Spectral and Dynamical Stability of Nonlinear Waves [electronic resource] / by Todd Kapitula, Keith Promislow.Material type: TextSeries: Applied Mathematical Sciences ; 185Publisher: New York, NY : Springer New York : Imprint: Springer, 2013Description: XIII, 361 p. online resourceContent type:
- online resource
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Introduction -- Background material and notation -- Essential and absolute spectra -- Dynamical implications of spectra: dissipative systems -- Dynamical implications of spectra: Hamiltonian systems -- Dynamical implications of spectra: Hamiltonian systems -- Point spectrum: reduction to finite-rank eigenvalue problems -- Point spectrum: linear Hamiltonian systems -- The Evans function for boundary value problems -- The Evans function for Sturm-Liouville operators on the real line -- The Evans function for nth-order operators on the real line -- Index -- References. .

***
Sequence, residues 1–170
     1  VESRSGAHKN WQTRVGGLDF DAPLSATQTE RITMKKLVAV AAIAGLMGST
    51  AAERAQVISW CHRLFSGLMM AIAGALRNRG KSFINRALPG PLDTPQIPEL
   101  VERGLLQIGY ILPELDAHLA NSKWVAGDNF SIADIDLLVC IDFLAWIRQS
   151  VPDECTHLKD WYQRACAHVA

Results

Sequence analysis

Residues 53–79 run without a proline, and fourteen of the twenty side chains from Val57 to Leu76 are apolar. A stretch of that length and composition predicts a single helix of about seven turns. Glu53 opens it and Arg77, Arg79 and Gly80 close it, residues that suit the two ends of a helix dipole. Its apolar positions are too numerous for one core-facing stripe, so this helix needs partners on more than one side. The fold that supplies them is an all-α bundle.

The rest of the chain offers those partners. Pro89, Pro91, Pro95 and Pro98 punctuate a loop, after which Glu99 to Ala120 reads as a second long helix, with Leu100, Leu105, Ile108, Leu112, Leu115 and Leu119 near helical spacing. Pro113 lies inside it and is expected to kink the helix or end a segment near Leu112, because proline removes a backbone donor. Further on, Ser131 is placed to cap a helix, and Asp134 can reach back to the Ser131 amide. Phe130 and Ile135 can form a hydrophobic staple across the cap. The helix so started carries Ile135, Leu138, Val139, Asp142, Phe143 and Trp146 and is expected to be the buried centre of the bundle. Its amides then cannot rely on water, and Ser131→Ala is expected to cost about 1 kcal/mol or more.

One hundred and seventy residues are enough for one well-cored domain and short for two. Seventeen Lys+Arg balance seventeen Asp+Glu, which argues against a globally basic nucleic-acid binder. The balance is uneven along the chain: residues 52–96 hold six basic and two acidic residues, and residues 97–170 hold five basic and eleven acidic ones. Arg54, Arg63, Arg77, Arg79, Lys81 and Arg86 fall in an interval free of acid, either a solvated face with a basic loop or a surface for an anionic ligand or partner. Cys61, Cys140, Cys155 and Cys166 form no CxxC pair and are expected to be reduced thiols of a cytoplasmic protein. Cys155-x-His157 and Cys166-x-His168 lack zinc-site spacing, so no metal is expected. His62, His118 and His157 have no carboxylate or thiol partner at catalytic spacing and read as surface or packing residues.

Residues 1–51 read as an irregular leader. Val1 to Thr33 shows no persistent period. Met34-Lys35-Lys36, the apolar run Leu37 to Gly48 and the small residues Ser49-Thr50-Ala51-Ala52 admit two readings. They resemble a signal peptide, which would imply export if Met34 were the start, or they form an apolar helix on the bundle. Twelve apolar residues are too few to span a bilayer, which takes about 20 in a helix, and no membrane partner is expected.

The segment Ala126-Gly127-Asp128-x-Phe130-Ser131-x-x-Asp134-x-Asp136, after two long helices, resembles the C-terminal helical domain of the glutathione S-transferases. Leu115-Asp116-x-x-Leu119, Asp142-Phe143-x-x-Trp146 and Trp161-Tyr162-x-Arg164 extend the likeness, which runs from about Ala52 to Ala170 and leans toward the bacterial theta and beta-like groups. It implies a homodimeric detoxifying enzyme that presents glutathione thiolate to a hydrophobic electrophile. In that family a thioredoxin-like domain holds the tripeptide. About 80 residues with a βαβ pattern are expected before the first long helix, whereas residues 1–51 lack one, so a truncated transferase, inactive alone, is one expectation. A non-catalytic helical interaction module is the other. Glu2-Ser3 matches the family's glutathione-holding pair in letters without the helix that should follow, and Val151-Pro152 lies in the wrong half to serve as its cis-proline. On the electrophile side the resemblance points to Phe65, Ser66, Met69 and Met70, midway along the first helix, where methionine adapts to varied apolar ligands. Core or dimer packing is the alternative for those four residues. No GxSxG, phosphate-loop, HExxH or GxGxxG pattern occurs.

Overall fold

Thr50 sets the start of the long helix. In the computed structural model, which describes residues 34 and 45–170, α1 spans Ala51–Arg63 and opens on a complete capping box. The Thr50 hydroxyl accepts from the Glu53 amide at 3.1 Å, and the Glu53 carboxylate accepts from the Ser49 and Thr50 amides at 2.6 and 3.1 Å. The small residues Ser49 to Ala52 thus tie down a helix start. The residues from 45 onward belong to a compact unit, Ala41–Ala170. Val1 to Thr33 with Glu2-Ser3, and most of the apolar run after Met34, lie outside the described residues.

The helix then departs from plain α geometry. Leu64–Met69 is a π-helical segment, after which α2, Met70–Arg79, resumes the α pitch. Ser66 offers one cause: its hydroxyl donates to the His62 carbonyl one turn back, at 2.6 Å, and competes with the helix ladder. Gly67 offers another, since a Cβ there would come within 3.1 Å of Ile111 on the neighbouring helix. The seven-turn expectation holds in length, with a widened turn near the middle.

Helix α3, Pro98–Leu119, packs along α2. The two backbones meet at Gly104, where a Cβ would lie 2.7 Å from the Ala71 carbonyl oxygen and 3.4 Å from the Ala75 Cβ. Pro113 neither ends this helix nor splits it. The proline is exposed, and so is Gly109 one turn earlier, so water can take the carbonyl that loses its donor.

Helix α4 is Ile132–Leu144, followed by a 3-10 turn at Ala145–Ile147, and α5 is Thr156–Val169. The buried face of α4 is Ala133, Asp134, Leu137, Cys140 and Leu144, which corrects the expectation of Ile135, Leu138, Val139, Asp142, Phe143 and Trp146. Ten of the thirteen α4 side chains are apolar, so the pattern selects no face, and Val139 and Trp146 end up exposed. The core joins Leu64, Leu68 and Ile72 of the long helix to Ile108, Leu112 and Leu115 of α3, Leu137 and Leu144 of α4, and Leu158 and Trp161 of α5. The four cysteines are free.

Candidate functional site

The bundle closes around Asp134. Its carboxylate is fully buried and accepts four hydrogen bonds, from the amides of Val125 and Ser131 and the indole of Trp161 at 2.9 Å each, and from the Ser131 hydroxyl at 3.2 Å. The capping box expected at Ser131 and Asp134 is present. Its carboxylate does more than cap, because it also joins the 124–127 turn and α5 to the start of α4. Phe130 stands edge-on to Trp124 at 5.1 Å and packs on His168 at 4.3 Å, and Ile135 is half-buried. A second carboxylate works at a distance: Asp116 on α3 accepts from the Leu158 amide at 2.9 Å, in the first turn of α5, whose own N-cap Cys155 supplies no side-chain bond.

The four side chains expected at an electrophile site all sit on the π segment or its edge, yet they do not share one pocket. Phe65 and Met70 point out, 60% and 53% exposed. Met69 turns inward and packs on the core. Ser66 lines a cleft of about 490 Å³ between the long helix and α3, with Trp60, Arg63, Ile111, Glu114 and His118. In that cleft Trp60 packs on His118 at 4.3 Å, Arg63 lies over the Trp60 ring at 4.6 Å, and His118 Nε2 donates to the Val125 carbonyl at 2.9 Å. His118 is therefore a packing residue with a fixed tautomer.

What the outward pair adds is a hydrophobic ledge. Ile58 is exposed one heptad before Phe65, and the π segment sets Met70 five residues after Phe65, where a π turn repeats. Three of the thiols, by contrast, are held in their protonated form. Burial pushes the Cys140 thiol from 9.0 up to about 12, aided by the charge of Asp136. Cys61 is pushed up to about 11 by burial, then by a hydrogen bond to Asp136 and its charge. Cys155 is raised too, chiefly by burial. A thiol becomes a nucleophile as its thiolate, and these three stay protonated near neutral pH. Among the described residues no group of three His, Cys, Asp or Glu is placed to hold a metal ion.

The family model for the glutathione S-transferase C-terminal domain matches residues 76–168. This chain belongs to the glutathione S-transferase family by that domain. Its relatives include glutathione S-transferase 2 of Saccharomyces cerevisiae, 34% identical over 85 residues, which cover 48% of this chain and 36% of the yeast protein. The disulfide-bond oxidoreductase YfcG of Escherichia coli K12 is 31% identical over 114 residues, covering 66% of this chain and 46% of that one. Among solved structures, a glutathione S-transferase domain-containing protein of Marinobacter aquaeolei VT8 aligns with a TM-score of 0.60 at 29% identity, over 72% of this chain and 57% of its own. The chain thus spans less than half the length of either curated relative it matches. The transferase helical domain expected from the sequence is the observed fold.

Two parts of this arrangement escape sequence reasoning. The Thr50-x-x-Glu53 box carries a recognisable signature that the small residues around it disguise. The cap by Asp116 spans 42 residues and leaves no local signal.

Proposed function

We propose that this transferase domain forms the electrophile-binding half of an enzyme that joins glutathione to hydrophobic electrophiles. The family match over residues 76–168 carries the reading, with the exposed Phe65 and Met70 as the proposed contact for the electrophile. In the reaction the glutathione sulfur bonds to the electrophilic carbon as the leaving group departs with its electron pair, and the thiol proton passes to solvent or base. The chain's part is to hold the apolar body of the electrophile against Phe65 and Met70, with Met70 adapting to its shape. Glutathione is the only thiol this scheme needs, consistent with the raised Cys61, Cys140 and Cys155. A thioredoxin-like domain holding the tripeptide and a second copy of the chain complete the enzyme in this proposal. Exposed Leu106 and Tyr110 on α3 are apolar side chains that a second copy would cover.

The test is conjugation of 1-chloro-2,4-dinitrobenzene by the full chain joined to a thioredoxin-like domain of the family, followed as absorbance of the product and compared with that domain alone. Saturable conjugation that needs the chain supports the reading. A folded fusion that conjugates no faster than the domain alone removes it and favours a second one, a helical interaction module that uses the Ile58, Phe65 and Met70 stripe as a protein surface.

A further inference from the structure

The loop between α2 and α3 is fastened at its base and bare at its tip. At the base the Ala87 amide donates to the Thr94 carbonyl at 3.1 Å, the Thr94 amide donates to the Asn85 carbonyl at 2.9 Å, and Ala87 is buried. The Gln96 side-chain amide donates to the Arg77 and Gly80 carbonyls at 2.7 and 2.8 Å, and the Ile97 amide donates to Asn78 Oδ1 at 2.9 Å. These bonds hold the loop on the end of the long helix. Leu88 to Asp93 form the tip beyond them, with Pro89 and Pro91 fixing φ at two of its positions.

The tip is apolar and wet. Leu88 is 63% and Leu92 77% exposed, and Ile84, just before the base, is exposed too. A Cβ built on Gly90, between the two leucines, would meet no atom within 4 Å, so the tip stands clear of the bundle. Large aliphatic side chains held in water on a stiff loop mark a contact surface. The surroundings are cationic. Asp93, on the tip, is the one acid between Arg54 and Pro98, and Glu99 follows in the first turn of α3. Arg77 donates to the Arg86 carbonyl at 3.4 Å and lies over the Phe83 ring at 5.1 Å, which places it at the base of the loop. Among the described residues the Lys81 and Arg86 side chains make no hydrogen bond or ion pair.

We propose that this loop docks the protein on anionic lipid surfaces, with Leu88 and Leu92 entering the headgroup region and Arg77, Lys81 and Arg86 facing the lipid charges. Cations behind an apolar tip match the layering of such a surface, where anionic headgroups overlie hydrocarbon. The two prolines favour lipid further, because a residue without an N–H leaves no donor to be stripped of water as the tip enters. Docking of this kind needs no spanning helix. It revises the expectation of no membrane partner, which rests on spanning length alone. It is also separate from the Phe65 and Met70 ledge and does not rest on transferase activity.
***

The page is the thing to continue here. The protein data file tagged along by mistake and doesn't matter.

This book unifies the dynamical systems and functional analysis approaches to the linear and nonlinear stability of waves. It synthesizes fundamental ideas of the past 20+ years of research, carefully balancing theory and application. The book isolates and methodically develops key ideas by working through illustrative examples that are subsequently synthesized into general principles. Many of the seminal examples of stability theory, including orbital stability of the KdV solitary wave, and asymptotic stability of viscous shocks for scalar conservation laws, are treated in a textbook fashion for the first time. It presents spectral theory from a dynamical systems and functional analytic point of view, including essential and absolute spectra, and develops general nonlinear stability results for dissipative and Hamiltonian systems. The structure of the linear eigenvalue problem for Hamiltonian systems is carefully developed, including the Krein signature and related stability indices. The Evans function for the detection of point spectra is carefully developed through a series of frameworks of increasing complexity. Applications of the Evans function to the Orientation index, edge bifurcations, and large domain limits are developed through illustrative examples. The book is intended for first or second year graduate students in mathematics, or those with equivalent mathematical maturity. It is highly illustrated and there are many exercises scattered throughout the text that highlight and emphasize the key concepts. Upon completion of the book, the reader will be in an excellent position to understand and contribute to current research in nonlinear stability.